Genius Year

Posted on January 4, 2015. Filed under: educational, Genius Hour, Grade 1 & 2, reflection, teaching and learning |

When I tried Genius Hour late last year, it literally changed my teaching life. Read about that story here. I was so amazed at the engagement, in depth learning, expertise and presentations from the 6 and 7 year olds in my classroom. I knew that I had to re-think how I was teaching so that I could incorporate Genius Hour all year, so I vowed to find a way to incorporate Genius Hour into the rest of my teaching. In the past, I have done inquiry projects where you start with the curriculum, show the kids what they need to learn, and then let them get there how they would like. It was ok, but it was never life changing. What makes Genius Hour GREAT, not GOOD, was that it was the students own passions, interests and choice. I didn’t direct it, I facilitated it. What was life changing for myself and the kids was the FREEDOM. Some kids were excited about those inquiry projects, but to be honest, those were the kids that would have been excited no matter what I did/how I taught.
I needed to somehow bring Genius Hour into the classroom without the curriculum. Sounds bad, I know… But hear me out.

I decided that I would cover the Health, Science, and Social curriculums quickly, and then give opportunity for a Health Genius Hour project, a Science Genius Hour project, a Social Genius Hour project and a “free” Genius Hour project. I didn’t know what this would look like exactly, but I knew I needed to try it. As I was talking this over with my mentor teacher, Jann Porritt, she suggested that instead of trying to fit all the different subject outcomes in throughout the year, why not cover one each term! I decided to go for it. This term, I worked on getting through the Grade 1/2 Health outcomes fast. I have scheduled my year in a way that there are 3 Genius Hour times throughout the week.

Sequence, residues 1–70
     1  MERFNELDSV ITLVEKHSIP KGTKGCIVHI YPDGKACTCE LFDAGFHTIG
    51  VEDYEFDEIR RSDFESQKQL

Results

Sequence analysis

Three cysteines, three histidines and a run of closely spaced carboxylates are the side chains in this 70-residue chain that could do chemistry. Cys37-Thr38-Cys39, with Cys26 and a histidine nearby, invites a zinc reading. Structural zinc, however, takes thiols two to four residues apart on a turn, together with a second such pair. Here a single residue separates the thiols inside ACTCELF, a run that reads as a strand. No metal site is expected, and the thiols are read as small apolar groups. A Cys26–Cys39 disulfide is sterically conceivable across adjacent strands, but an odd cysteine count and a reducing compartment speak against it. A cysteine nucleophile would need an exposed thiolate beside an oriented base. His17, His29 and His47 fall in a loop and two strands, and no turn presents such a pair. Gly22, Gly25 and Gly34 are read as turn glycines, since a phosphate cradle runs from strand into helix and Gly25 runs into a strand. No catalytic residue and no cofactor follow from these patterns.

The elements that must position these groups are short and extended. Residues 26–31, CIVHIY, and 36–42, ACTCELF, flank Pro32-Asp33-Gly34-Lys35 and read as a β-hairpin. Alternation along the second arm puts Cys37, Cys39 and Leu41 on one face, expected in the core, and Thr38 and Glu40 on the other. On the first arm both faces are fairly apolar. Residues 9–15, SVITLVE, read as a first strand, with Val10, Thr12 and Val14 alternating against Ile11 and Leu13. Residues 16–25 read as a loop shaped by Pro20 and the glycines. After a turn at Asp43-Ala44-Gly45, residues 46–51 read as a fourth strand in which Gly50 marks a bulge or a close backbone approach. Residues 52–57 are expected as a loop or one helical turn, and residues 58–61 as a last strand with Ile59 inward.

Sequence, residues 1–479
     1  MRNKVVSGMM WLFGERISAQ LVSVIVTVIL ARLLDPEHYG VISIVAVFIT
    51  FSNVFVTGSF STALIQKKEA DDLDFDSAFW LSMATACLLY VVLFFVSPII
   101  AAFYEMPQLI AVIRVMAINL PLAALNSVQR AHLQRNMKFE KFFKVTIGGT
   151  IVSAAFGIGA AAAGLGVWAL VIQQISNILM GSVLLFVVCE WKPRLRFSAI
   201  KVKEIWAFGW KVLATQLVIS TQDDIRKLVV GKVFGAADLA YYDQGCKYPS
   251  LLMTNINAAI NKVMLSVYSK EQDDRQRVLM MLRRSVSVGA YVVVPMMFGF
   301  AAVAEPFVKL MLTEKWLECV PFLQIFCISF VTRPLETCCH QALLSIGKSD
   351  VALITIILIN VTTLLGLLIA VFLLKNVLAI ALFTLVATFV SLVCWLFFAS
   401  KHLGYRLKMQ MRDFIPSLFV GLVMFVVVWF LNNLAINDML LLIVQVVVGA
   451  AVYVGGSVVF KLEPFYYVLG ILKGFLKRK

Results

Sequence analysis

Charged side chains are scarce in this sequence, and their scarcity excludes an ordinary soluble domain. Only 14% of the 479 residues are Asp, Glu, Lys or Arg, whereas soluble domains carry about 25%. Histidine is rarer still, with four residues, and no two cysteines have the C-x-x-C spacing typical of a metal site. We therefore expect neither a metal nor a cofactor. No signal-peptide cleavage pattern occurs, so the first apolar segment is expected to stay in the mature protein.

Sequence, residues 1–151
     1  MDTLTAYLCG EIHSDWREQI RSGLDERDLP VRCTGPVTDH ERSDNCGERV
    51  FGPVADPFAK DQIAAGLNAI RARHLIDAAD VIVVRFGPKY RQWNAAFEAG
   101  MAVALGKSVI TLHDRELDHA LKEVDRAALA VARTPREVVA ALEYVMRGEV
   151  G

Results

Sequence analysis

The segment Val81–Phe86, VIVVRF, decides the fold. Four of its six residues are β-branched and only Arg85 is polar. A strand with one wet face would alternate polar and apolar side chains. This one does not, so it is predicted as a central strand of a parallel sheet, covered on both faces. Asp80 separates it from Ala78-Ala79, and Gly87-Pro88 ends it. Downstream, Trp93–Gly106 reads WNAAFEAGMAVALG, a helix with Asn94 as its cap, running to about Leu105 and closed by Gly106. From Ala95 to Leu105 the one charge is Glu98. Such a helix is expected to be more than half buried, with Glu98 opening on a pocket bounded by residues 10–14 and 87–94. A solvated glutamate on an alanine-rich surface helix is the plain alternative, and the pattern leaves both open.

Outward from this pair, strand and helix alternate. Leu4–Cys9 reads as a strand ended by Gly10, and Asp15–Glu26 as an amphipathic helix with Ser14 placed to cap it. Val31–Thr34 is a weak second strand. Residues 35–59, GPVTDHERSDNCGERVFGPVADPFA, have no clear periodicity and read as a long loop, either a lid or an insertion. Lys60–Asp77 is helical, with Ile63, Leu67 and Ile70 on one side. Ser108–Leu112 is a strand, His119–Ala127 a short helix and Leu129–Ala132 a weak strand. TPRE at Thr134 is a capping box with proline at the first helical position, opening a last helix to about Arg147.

Weekly schedule

For the first month and a bit, I used all three of those hours to teach the year’s Health outcomes. We did booklets, activities, and worksheets. I graded things, and used those as the student’s Health mark. I wanted a hard copy of what we went through so if parents did ask when we covered this, I could show them the backup.
In early October, I officially started our Health Genius Hour. I have looped with some of my students from last year, so as soon as they heard me say Genius Hour, they were very excited! I can’t help but wonder if that student excitement naturally passed on to the other kids as well. I told them that it had to be a Health Genius Hour; whatever they wanted to learn about had to have something to do with health. We used the app Baiboard to brainstorm the kid’s ideas. We had an iPad for every three kids, and they each wrote 3 ideas that they were interested in. This worked ok. Some were better than others depending on the student’s tech skills, their writing skills, and their concepts. I did scribe for a couple kids as well. Ps: this is a shared document, so if the students pressed that little arrow on the right or left side, they could see in live time what their friends were writing, and get ideas if they needed.

Photo 2015-01-04, 8 29 59 PM Photo 2015-01-04, 8 31 01 PM Photo 2015-01-04, 8 31 15 PM